For some of the streets, after digging them up and replacing pipes and conduits, they use a pretty interesting technique. First they pour concrete, then get the bubbles out and smooth it. Then they dye and imprint a pattern on it using rubber molds that they push down into the wet cement. Then they use 2x4's to clean up the lines and voila, the finished product. It is one arduous process and these guys work hard. No OSHA here and the dust and heat are brutal, but in general, they always seem like they are having a decent time.

Of course, ain't nothing like the real thing.

International Women's Day!

Check out some of the remarkable work my friend, Sonya Melescu, is doing in the Congo. Women for Women is a great organization and one that deserves much support and admiration.

Hard to believe, but last night, the first woman to win Best Director, Kathryn Bigelow for The Hurt Locker. Haven't seen the movie and didn't see the Oscars.

Sunday, March 7, 2010

Street Art

Always something new.

Trout in the mountains

It has been a busy week, laying bricks in the back garden, helping unload boxes of books for Amate and lots of running around. I did want to make mention of something we did last weekend, a bike ride in the mountains from Cuajimoloyas north to, once again, eat the wonderful food of Senora Lucia at her restaurant with adjoining trout pond. It seems we have been going there for years, but this was first for me on a bike. I wrote about the wonderful hongos she cooked for us last July.

We rented bikes and headed off through the bright sun and crisp air. Cuajimoloyas is way up there. It has the feel of a Swiss alpine village, except for all the agave and zapotecs. The road follows a ridge and is mostly downhill. Notice I said "mostly" and also what every biker knows, what goes down is all uphill on the way back.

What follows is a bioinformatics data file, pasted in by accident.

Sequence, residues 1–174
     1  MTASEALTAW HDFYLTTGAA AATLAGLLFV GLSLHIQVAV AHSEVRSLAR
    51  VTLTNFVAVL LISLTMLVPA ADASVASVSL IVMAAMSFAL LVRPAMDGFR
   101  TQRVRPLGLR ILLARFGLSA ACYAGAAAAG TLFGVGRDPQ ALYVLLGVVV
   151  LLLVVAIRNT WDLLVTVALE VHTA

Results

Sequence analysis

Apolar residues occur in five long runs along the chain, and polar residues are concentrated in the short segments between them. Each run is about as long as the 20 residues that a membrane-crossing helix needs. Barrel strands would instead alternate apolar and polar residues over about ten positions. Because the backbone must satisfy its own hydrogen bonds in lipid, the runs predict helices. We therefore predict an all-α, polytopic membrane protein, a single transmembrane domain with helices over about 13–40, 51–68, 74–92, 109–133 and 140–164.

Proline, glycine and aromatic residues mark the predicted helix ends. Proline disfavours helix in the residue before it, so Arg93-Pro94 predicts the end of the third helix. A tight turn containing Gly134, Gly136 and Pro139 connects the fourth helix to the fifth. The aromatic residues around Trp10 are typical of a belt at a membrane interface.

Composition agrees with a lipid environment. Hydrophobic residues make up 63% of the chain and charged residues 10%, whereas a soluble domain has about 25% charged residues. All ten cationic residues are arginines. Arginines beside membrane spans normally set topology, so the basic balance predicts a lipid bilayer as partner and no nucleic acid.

The restaurant was maybe 10k and it was an easy ride through the mountains, surrounded by pines with the wind whistling though my hair. We were hungry before we left and the ride just added to it. It was time to eat.

Senora Lucia worked her magic with some freshly caught trout, which she stuffed with onions, chiles, tomato, herbs and quesillo, wrapped in tinfoil and cooked on her her hge wood-fired comal. Here she is making a special salsa made with nuts and chiles. She was helped by the ever-smiling Rosaleria. The food was so good and we were so hungry I forgot to take a picture of the finished product. It looked as good as it tasted.

After the meal it was time to head back. It has been a while since I had been on a bike and my butt was sore and the bikes were not in the best of shape, but I made it. I have to admit to walking up some of the longer uphill stretches. High altitude really does a number on your lungs if you are not used to it. Oaxaca is plenty high, but this was higher and baby, it hurt. You can see it in my face as I crossed the finish line. Now that I have recovered, it took a day, I am ready for the whole thing again.

Thursday, March 4, 2010

Leading the way

In David Lida's book, "First Stop in the New World" he maintains that Mexico City, one of the most diverse and cosmopolitan cities in the world, will lead other cities into the future by how it deals with issues and problems. As it goes, the rest of the world will follow.

So this is interesting, no?